I shall begin by saying three words.
Comedy Cockney cavemen.
If you think you can stomach the concept of comedy Cockney cavemen, then chances are you'll love this book. If the idea leaves you cold, chances are you won't.
I will confess that I was worried about this book before I got to it. Many have said that Only Human was the best of the six NDAs published to date... however, past experience has shown me that it's not uncommon for my opinion to deviate markedly from that of the majority (for example, I think that The Unquiet Dead was awful, the 3rd Doctor was the poorest incarnation of our Time Lord hero, and that The Adventuress of Henrietta Street was a turgid mess that represents the very nadir of Lawrence Miles' Who fiction contributions). True to form, I don't think that this book is the best of the NDAs. I don't think it's the worst either, but it's a book that veers wildly between being very good and very poor depending on which parts you're looking at.
Firstly, the plot - such as it is. Tissue-thin and full of logical inconsistencies and the sort of wacky non-science that wouldn't seem out of place in a Lexx episode. I have no real problem with wacky non-science, but I do like it to be internally consistent. In this case we have an advanced future society 438,000 years in the future with no computers because they were all wiped out on Earth when an alien weapon misfired hundreds of lightyears away and nobody thought to build any new ones, so they have a steam-driven time machine and very, very advanced chemistry and biology but no physics or electronics ("analogue" sciences - a description that I found to be rather amusing for reasons I could write a whole dissertation on). They use typewriters operated by "note-techs" to keep records, have chemically removed the need to ever go to the toilet, and most of the population wander around as zonked-out zombies as they use drugs to regulate and control and remove their emotions. For reasons that are not initially clear a band of people from this time period have used this time machine to travel back 28,000 years before the present day, to the time when Neanderthal and Cro-Magnon cavemen are existing side-by-side in an area that one day will become southeast London. Of course, the Doctor, Rose and Captain Jack don't know any of this to begin with - the first sign to them that something is going wrong is when a young Neanderthal materialises out of thin air in a nightclub in early 21st century Bromley and opens a can of stone age whup-ass on some poor unsuspecting young chav who decides that the smelly bloke in rags has been looking at his bird in an inappropriate way. Leaving Jack behind to look after the Neanderthal, the Doctor and Rose go back to 28,000BC to investigate and discover Osterberg, a subterranean city full of people from the far future, run by Chantal Osterberg, your bog-standard mentalist in-charge type secretly hellbent on world domination. She's been breeding monsters called Hy-Bractors, which then go on to wreak all sorts of havoc. I have two issues with the Hy-Bractors - one, the description immediately put me in mind of the Violator in its true form from the Spawn comics; and two, the odd hyphenation of the word makes me mentally pronounce the word in a curiously Zaroffian exaggerated manner as "Hy-BRRRAK-torrr", something not helped with lines like "I shall let the Hy-Bractors do what comes naturally and tear her limb from limb" that almost parody themselves. Chantal also expresses a great deal of interest in the TARDIS and plans to use it to spread Hy-Bractors around the universe, though why she wants it I'm not entirely sure; she already has a time machine and the Hy-Bractors are clearly dimensionally transcendental since there's only a handful of them, they aren't described as being particularly large, and the book goes to great pains to show that they can eat hundreds of humans and Neanderthals so completely that the bones are picked clean and yet not put on vast amounts of weight in the process.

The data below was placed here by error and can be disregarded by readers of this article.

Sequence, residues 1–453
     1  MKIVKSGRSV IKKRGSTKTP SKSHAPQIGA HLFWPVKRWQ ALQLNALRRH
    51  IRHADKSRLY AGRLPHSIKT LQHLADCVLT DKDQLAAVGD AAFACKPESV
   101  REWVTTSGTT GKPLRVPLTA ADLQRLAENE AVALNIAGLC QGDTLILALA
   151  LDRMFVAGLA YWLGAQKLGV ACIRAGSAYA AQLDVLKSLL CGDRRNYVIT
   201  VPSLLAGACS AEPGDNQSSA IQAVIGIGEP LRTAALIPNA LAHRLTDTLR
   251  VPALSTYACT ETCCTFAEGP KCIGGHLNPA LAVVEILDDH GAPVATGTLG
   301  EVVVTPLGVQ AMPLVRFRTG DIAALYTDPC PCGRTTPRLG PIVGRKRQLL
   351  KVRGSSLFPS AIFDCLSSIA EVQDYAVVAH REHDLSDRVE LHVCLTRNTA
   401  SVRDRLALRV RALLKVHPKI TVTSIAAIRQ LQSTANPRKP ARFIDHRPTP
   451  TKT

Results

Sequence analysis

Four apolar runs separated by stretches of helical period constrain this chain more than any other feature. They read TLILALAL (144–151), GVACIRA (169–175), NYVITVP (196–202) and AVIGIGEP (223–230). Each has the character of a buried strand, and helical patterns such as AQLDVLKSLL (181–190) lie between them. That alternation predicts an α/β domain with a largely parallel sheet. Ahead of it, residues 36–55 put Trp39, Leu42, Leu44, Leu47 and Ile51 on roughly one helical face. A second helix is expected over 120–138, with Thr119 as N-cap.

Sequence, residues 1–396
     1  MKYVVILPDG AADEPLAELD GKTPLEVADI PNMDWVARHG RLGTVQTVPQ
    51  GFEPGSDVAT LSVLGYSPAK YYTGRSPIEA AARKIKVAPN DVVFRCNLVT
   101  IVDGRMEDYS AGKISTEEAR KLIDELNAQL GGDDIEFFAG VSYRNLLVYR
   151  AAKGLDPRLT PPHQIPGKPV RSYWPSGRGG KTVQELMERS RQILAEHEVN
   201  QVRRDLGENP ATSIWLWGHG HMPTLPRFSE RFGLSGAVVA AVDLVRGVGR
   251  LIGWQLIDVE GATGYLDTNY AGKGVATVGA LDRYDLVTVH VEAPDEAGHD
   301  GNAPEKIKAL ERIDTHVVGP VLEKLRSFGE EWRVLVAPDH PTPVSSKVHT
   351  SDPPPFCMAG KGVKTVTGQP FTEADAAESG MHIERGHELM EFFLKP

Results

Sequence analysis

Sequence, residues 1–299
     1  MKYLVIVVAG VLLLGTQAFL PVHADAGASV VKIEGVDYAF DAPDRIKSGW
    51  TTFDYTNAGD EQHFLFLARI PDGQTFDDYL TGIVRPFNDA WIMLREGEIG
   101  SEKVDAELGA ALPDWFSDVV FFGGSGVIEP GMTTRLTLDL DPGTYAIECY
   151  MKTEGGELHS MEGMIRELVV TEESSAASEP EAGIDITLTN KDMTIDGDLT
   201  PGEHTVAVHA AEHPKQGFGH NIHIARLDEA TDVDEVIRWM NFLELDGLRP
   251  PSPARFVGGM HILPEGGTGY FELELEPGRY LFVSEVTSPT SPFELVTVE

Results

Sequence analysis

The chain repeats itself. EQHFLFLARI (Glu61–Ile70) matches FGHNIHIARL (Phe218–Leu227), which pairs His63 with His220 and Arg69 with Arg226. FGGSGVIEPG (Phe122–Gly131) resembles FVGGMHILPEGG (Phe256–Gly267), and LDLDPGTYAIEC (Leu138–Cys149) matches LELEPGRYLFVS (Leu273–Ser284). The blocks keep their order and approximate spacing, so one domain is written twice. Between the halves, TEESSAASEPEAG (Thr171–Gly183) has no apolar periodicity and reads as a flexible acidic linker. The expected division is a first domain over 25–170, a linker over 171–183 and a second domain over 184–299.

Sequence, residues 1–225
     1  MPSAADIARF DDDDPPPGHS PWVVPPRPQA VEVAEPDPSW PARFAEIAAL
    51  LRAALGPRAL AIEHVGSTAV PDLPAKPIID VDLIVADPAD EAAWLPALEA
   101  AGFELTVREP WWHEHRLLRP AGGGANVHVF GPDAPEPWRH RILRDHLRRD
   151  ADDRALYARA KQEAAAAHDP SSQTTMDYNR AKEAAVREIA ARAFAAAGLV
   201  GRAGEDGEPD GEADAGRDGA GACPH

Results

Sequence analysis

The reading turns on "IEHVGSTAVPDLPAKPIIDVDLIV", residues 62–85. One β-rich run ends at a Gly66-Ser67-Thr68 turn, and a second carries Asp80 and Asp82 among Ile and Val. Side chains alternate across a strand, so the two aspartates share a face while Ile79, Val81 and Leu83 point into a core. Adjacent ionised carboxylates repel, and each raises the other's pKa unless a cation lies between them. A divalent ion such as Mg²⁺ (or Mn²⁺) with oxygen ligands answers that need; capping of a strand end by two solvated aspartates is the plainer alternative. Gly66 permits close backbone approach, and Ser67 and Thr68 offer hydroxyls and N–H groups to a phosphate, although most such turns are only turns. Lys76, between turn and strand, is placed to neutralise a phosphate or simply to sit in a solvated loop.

Then there's the comedy Cockney cavemen. I was reading these sections with increasingly arched eyebrows as they were coming across like some sort of bizarre cross between a Carry On film with Monty Python-esque overtones when I was set totally boggling by the Doctor even explicitly stating that it's like something out of Carry On Cleo. I'm sure these bits were supposed to be charming, even funny, but to me they came across as utter gittishness that had it ever made its way into a televised story would have been met with howls of derision from fans and casual viewers alike.